Maybe we need some persecution to bring us to our senses.

Or maybe we should ask ourselves, Do I really believe? – Am I really saved? If you’re not sure what “being saved” even means, check out my posts on the road to true happiness. They explain what the Gospel (“Good News”) is.

Prayer: Father, please clear the clutter from our minds so we may see Your glory. Fill us with wonder at Your love, that You gave Your Son to die for us. May we respond with joy, giving You first place in our lives, Sunday and always. In Jesus’ name, amen.

12 thoughts on “C and E Christians

  1. Ann, When my wife and I were teaching in a Third World country many years ago, we and some others went to a church and were sorry that we had gone–but not for the reason(s) one might think. What happened was, the church was packed, but some dear souls gave up their precious seats so that we could sit there; our protesting did no good. Furthermore, we found out later that some of the people were from the country(side) and left home between 4 and 5 A.M. to make it to the service. After that, we met with other like-minded “foreigners” in an apartment instead and had real koinonia in our comparatively small group.

    Speaking of koinonia: that’s one reason, among others, we love our current church. Admittedly, since my wife and I both teach Sunday school a couple times a month (her: kids; me: adults), we “have to” go anyway, but we wouldn’t miss it for anything except sickness. And we will never forget what it was like going to church, whether in a church building or an apartment, in the country we lived in way back when.

    Liked by 3 people

    1. Thanks for sharing such wonderful stories, Keith. I have heard about the Christians in other countries, their hospitality and self-sacrifice. A young American girl on a mission trip had a stomach “bug” one day, and a young girl from the village spent a day’s wages to buy her a ginger ale. ❤️

      Liked by 2 people

  2. Ann, I do hope that many would read this and reflect on what trivial things we can complain about with regards to church and forget the purpose behind it all. There are times when I have not felt like going, but then as a family we do make the decision to go and we have always felt blessed after attending for various reasons.

    Liked by 1 person

  3. A very timely post for me. Thanks for sharing. As a kid, I was annoyed with my parents when they dragged me to church when I wasn’t feeling my best or it was really cold, or raining, or (insert other excuses). Nothing would happen if I just skipped mass once, right? Well, when I grew up and was able to skip a mass here and there, I realized that it is very easy to just skip once, then skip again, and before you know it – you’re not going at all. It’s a slippery slope. Not everyone understands or wants to. I know the pandemic made things worse for some. First, the online mass was a necessity, then, it was convenient. Soon enough, the online mass got skipped, too.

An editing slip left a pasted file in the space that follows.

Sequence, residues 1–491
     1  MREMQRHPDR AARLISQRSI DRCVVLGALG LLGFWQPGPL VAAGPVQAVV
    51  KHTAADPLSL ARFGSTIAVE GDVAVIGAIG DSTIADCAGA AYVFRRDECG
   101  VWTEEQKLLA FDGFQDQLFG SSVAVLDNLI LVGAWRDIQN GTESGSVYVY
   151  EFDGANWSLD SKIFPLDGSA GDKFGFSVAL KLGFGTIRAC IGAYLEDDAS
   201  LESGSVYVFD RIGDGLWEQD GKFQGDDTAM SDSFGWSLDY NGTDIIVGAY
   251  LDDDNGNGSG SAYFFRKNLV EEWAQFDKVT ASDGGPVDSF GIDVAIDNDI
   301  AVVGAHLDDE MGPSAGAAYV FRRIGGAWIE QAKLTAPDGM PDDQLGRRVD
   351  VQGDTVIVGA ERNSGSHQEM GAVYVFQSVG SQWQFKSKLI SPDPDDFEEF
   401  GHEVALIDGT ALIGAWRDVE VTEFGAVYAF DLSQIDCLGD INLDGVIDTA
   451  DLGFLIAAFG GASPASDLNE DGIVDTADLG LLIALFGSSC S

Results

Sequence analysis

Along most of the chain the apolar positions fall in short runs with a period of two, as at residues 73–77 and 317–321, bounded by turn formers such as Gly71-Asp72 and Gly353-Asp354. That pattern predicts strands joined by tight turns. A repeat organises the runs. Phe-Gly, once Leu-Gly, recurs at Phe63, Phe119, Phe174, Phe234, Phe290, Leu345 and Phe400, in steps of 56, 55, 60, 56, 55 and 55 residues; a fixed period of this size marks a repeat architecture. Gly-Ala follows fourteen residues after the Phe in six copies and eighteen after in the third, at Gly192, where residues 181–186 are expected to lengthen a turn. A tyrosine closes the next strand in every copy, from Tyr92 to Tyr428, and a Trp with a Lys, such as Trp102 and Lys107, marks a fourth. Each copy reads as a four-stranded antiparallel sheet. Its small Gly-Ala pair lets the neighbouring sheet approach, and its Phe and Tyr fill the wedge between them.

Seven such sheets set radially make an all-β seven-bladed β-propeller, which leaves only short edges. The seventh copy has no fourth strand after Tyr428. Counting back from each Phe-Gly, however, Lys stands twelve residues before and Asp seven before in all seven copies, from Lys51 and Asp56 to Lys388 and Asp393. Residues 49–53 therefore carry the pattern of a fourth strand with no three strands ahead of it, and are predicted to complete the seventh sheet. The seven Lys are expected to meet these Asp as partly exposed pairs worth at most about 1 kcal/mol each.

I think being surrounded by the right people helps. If the people around you don’t go to church, then it is easier to just let it slip. But when you are in a place where people go, you will find yourself going, too.

    Reviews of churches… I only wrote one. It was a positive one. My hope was that it would help point people in the right direction. The two churches I’ve visited in the past two weeks both have wooden pews (either seating and back or just back) and it’s something I have long left behind so it’s a bit of an adjustment for sure. But I used to attend a church will wooden seating, back and kneeling for ages. Heck, I used to kneel on the concrete floor! We’re just getting spoiled these days.

    What makes it difficult for me is screaming children. For some reason, parents seem to think that it’s normal and nothing should be done about it. Mind-boggling. Impossible to hear the priest and concentrate no matter what you try… And one of the churches has a nursery available during mass. It makes me weep.

    Liked by 1 person

    1. Our church has about 25 volunteers every week to cover nursery for the Sunday school hour, worship service, and evening prayer service. (We have a lot of young families.) There’s also a “cry room” where moms (or dads) can take their crying babies out of the sanctuary to a separate room and watch the service on closed circuit TV.
      You’re right, it helps to be surrounded by other people who love the Lord. Our church is like a big family, and Sunday is actually my favorite day of the week.

      Liked by 1 person

  4. Love this; as a pastor this past two weeks it has been exhausting to see lukewarmness. This spoke to my heart and ministered to me. I also prayed for the Ukrainian believers as a result of reading this

    Liked by 1 person

Leave a Reply

Fill in your details below or click an icon to log in:

WordPress.com Logo

You are commenting using your WordPress.com account. Log Out /  Change )

Twitter picture

You are commenting using your Twitter account. Log Out /  Change )

Facebook photo

You are commenting using your Facebook account. Log Out /  Change )

Connecting to %s